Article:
The work I do, if bad code gets through to production without getting caught, you’re looking at a minimum of $100k in losses, and much more likely millions, depending on how long it takes you to catch it. I’m not going to say that this never happens, but it’s definitely possible to put systems in place to minimize it, if you have sufficient incentive. Those systems might just involve adding the mistake to the checklist that everyone has to go through before promoting their code to production, or making the committee reviewing it before hitting production stricter, or simply saying “individual x is no longer allowed to promote code within a week of leaving for vacation without somebody else going over it in detail.”
I wonder if to a lesser degree the pressure to keep coming out with new versions and “upgrades” also causes tech companies to do stupid, and sometimes even destructive, but definitely stupid, things.
I can’t tell you how tired I get of the “new=improved” attitude.
So there’s a name for it. I just called it institutional laziness. Starting at my current job, I constantly saw broken stuff. Bad software choices, standard tools implemented half-assed being more of a hindrance than they need to be.
Turns out a lot of the problem is that the people who set up the stuff promised to get it all working, didn’t for years, left and now nobody has passwords or spending authority or even time to get the broken stuff fixed.
What you’re talking about is a thing, for sure, but what the article is talking about is a different thing.
while the normalization of deviant practices in healthcare does not appear substantially different from the way corrupt practices in private business evolve and become normalized, the health professional’s “deviance” is virtually never performed with criminal or malicious intent
Stupid, destructive things happen even with the best of intentions. Really interesting stuff.
Seems like on a long enough timeline this approach will land you at reason #1 for normalizing deviancy: The rules are stupid and inefficient! Do you have any kind of process in place for pruning the checklist from time to time?
Both adhocracy and crippling bureaucracy are not the solution. Some kind of examined and monitored middle is better. If not necessarily the perfect idea.
That happened recently, and periodically someone automates parts of it, but the real point is that, if “stupid and inefficient” costs you a few days of testing, that’s still better than losing millions of dollars and months of work when you eventually discover your mistake.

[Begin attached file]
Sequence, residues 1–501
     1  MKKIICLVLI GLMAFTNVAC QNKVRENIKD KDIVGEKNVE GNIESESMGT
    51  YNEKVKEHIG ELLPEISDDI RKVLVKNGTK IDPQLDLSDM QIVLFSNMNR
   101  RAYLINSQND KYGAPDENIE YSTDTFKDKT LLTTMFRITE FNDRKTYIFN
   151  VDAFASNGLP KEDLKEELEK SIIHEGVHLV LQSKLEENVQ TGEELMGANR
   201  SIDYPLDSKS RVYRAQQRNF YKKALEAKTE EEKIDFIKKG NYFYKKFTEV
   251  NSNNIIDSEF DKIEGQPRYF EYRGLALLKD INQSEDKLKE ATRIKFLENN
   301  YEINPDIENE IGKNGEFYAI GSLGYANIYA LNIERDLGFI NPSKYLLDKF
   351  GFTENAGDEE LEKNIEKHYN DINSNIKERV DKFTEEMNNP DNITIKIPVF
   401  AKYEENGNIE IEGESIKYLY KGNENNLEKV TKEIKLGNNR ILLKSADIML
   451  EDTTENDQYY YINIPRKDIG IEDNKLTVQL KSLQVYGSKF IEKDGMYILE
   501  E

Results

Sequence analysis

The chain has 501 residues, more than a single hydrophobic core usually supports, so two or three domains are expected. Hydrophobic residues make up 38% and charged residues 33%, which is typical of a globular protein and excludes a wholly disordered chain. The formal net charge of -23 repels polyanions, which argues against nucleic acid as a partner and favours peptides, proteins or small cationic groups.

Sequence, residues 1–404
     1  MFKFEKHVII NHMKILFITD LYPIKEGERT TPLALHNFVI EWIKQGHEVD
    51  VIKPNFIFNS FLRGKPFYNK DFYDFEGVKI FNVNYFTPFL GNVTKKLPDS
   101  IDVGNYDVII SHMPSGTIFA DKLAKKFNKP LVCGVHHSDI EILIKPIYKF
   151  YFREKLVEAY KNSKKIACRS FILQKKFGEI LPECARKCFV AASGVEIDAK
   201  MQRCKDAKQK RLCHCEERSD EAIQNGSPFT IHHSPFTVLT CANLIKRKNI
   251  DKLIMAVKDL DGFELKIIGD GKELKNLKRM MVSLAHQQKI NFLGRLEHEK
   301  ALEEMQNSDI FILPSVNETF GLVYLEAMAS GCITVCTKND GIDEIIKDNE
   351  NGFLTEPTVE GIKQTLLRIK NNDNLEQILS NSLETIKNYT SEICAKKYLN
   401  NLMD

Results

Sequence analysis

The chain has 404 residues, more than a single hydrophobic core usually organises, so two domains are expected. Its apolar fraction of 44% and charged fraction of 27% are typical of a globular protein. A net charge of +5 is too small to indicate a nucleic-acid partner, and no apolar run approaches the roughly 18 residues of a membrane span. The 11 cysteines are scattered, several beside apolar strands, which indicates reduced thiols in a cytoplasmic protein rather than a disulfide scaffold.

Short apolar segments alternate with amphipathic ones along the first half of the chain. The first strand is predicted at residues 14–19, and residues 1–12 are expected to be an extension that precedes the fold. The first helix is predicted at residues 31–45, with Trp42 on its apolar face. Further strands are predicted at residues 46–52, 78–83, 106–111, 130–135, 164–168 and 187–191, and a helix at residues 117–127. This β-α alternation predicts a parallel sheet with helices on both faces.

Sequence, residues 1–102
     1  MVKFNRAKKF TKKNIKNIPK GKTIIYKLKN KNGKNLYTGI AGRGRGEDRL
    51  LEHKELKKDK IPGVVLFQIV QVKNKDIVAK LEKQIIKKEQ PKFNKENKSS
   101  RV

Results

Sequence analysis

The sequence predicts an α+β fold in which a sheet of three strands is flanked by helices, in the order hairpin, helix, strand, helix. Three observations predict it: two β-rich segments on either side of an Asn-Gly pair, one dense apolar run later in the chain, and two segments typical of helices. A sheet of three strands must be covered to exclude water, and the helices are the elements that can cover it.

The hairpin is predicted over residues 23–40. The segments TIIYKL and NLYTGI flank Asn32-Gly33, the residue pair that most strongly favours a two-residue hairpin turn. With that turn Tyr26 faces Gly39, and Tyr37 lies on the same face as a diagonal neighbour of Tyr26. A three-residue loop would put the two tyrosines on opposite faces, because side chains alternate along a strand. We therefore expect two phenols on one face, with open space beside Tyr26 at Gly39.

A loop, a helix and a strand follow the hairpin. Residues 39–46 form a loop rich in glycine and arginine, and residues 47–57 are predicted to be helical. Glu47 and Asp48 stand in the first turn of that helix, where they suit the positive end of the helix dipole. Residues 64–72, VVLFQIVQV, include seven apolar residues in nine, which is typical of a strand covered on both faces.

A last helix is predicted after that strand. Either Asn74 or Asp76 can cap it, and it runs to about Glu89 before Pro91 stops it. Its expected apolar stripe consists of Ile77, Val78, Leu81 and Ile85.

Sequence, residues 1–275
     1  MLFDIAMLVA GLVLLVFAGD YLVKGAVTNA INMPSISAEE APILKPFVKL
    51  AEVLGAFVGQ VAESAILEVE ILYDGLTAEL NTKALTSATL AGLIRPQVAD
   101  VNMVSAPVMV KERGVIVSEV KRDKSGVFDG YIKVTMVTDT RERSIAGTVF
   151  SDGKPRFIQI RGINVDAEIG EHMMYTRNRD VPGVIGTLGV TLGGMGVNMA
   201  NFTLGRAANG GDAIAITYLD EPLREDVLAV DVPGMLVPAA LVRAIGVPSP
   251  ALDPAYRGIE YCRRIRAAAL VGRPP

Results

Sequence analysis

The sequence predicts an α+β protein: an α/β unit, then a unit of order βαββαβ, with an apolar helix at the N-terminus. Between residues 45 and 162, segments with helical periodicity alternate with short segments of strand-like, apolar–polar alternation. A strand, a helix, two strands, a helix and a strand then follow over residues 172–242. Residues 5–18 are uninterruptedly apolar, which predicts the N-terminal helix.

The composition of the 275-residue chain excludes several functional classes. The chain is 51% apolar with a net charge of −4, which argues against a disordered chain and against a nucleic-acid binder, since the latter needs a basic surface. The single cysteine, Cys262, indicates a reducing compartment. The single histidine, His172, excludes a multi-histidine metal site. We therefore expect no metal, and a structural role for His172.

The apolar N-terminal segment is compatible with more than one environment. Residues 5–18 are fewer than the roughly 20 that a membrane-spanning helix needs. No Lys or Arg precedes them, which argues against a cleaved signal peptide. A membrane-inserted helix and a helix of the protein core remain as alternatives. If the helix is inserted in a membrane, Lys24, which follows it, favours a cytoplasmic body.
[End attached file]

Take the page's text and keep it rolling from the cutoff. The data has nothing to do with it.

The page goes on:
Good article! There are some omissions on process control that need to be mentioned. As presented, the normalization of deviance assumes conscious agency by one actor or a small group. This may or may not be the root cause. I’m not discounting it; I am contextualizing it.
In health care, many errors are committed at the transitions of care, as in at shift changes on the floor, patient transfers from department to department, sending a patient home, or any time there is a handoff or basically what can be visualized as a new box in the flow chart. It is at these transitions that many errors occur.
In health care, there is also the system failure to iterate and seek outside perspective, just as with engineering and software like in the article. See Deming/Shewhart’s PDSA/PDCA cycle.
The Shuttle disasters often get blamed on one thing, like this article: “It was normalization of deviance!” Like in health care: “Doctors didn’t wash their hands and spread disease!” But reality on the ground is that there are multiple root causes than can be addressed, including all of the above. The field of statistical process control is rich with stuff to learn.
Some people call this a family of origin wound.
There may be a meaningful distinction to be found but probably not based solely on whether there was intent to breach a norm or law. Even in cases of overt financial fraud by a single individual, part of the challenge is likely that a community has come to regard the behavior as sufficiently normal.